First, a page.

Exhibitions/Jan 31, 2019

Palaeologan Reflections in the Art of Cyprus (1261–1489)

Palaeologan Reflections in the Art of Cyprus (1261–1489) lead image

Palaeologan Reflections in the Art of Cyprus (1261–1489), Archbishop Makarios III Foundation, Nicosia, January 30–July 30, 2019

Following the celebration of the “European Year of Cultural Heritage 2018” the Archbishop Makarios III Foundation and Cyprus Tourism Organization present the thematic exhibition “Palaeologan Reflections in the Art of Cyprus (1261-1489)”. The exhibition aims to highlight the impact of Constantinople laying emphasis on the leading role of the Palaeologan art in Latin-occupied Cyprus. It illustrates the evolution of the technique and style of the icons produced during the Latin Rule from 1261 to 1489 in the context of the new sociohistorical and politico-religious circumstances that prevailed on the island throughout that period.     

The exhibition serves as a continuation of its forerunner “Κυπριακώ τω τρόπω – Maniera Cypria” (Jan. 2017-Jan. 28, 2018). Through the research of the collected material and monuments with mural decoration it becomes manifest that during the 13th century, but also over the ensuing two centuries, the art of Cyprus, even though it reproduces the style of the 12th century, simultaneously imports into the island the high art of the Palaeologues. The new style, the so-called “Palaeologan Renaissance” is marked by the effort to depict the psychological disposition and the volume of the figures, the modelling of faces with gradual transition of tones, the harmonious combination of brilliant colours and the soft modelling of the garments’ drapery.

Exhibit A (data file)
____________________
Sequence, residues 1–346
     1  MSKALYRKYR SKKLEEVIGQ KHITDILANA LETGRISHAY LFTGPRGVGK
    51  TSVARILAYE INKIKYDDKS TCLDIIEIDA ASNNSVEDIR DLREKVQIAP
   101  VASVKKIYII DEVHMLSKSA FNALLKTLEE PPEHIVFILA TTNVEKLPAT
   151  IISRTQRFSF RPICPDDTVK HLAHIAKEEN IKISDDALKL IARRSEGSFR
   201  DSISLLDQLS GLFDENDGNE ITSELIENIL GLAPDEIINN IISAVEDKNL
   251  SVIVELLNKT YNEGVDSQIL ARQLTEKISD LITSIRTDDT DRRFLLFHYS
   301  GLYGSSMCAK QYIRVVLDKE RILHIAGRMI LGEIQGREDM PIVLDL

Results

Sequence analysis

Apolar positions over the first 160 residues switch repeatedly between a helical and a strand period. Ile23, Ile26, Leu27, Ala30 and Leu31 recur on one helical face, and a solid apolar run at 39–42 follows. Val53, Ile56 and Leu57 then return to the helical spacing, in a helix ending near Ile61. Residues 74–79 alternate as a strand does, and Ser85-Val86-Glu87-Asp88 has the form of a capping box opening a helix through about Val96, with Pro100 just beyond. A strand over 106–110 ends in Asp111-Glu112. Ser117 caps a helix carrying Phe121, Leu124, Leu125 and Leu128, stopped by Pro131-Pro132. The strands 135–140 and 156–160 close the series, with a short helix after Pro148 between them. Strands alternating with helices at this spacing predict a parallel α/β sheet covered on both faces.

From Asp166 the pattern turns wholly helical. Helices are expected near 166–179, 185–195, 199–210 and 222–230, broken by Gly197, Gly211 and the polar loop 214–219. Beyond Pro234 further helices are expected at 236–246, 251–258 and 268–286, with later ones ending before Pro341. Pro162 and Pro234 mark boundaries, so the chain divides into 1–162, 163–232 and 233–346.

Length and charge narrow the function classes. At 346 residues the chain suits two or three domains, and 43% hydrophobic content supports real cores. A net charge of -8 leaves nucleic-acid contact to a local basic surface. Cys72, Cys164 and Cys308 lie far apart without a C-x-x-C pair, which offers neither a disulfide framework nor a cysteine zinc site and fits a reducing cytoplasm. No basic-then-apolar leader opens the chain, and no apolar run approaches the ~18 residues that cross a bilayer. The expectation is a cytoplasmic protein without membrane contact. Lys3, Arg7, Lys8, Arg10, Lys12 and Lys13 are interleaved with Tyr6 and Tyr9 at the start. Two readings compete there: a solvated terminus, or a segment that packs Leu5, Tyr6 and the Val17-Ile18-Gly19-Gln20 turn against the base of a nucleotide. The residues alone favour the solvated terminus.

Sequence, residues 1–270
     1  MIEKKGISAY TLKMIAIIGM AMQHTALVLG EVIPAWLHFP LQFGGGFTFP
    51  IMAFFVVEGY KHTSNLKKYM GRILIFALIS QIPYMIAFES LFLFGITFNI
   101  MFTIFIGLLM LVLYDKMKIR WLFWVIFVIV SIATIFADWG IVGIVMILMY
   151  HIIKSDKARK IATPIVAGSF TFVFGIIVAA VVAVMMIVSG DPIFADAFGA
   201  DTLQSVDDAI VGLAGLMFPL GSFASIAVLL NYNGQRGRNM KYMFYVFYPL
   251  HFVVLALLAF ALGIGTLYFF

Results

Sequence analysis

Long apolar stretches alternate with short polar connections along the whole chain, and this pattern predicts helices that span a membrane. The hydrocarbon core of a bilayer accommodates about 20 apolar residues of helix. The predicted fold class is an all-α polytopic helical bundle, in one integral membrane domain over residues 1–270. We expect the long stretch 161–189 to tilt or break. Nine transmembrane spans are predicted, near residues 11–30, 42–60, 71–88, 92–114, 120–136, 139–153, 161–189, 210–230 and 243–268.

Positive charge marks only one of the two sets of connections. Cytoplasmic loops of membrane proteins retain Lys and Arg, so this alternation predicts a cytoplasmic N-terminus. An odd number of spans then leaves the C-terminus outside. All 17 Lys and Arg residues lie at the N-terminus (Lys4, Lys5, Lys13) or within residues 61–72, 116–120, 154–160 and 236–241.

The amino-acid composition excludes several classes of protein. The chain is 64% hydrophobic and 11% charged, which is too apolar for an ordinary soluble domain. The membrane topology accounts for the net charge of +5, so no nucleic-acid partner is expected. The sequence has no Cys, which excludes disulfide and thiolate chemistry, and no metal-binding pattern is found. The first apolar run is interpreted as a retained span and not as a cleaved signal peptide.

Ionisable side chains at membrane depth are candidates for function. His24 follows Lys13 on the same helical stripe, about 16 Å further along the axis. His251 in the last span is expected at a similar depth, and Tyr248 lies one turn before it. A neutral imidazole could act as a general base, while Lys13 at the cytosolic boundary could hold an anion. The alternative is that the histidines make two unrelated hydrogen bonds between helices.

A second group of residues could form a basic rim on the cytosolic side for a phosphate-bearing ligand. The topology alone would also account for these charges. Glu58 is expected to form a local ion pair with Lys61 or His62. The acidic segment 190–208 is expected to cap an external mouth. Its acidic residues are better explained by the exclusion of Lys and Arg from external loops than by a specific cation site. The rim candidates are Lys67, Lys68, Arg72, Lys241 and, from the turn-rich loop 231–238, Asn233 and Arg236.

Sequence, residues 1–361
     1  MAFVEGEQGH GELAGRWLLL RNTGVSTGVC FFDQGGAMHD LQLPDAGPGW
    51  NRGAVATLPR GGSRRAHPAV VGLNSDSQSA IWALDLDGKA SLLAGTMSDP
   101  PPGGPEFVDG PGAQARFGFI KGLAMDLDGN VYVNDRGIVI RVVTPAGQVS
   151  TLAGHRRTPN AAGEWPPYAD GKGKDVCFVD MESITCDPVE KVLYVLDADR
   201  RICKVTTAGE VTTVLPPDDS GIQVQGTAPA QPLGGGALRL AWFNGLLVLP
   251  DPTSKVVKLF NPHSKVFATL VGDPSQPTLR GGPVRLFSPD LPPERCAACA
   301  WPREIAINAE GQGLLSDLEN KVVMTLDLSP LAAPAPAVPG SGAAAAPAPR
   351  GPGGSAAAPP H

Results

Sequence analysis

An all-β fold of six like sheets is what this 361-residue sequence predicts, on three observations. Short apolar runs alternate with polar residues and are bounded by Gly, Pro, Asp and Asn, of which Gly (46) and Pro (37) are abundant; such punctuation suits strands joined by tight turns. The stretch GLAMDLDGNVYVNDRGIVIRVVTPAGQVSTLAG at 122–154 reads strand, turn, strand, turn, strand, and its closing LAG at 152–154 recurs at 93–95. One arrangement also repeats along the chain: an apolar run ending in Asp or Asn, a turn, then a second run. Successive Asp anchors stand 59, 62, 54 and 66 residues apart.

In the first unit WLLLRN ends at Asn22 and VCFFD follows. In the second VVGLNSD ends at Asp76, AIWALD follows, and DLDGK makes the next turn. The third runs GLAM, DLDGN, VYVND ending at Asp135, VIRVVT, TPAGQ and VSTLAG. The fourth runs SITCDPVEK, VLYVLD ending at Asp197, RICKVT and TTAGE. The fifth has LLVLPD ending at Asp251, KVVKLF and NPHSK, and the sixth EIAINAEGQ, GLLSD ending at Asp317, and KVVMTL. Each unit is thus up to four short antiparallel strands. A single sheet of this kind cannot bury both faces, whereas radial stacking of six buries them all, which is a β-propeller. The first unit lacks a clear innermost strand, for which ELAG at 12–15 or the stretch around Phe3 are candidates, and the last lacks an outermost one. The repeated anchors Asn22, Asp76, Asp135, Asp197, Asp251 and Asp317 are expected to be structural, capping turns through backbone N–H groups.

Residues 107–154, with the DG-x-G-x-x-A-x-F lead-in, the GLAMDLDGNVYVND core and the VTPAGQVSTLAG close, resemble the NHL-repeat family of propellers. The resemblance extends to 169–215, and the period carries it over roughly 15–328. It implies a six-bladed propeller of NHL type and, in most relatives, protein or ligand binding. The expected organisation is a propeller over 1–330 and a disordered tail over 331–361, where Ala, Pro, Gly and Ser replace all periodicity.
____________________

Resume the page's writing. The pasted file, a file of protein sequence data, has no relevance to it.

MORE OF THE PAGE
For the purposes of the exhibition more than 50 works of religious art (icons, wall paintings, manuscripts and artefacts of minor arts) have been put together that reflect the transplant of this new tendency in style of the Capital to the island, whereas at the same time influences from the West are also documented. The works on display come from the collections of the Byzantine Museum of the Archbishop Makarios III Foundation, the Archbishopric district, the Holy Bishopric of Limassol and the Holy Monastery of Saint Neophytos at Tala in Paphos.

The exhibition is accompanied by an illustrated bilingual (Greek – English) catalogue with contributions by the professors of byzantine studies and scholars Michele Bacci, Dimitrios Triantaphyllopoulos, Charalambos Chotzakoglou, Elizabeth Yota, Chrysovalantis Kyriacou, Christodoulos Chatizichristodoulou, Andreas Jakovljevic and Ioannis Eliades, who curated the exhibition and edited the catalogue.